"But if interpretation must in any case already operate in that which is understood, and if it must draw its nurture from this, how is it to bring any scientific results to maturity without moving in a circle, especially if, moreover, the understanding which is presupposed still operates within our common information about man and the world? Yet according to the most elementary rules of logic, this circle is a circulus vitiosus. If that be so, however, the business of historiological interpretation is excluded a priori from the domain of rigorous knowledge. In so far as the Fact of this circle in understanding is not eliminated, historiology must then be resigned to less rigorous possibilities of knowing. Historiology 56 is permitted to compensate for this defect to some extent through the “spiritual signification” of its “objects.” But even in the opinion of the historian himself, it would admittedly be more ideal if the circle could be avoided and if there remained the hope of creating some time a historiology which would be as independent of the standpoint of the observer as our knowledge of Nature is supposed to be.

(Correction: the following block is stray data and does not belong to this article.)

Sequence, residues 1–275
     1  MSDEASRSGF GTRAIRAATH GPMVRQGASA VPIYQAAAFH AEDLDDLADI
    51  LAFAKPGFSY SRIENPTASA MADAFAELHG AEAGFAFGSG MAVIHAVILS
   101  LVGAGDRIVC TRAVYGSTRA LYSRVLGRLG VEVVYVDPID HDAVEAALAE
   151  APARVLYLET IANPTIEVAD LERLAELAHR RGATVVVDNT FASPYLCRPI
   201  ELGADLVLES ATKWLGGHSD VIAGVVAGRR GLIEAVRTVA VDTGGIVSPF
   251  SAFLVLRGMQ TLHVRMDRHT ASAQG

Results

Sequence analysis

But if we see this circle as a vicious one and look out for ways of avoiding it, even if we just “sense” it as an inevitable imperfection, then the act of understanding has been misunderstood from the ground up."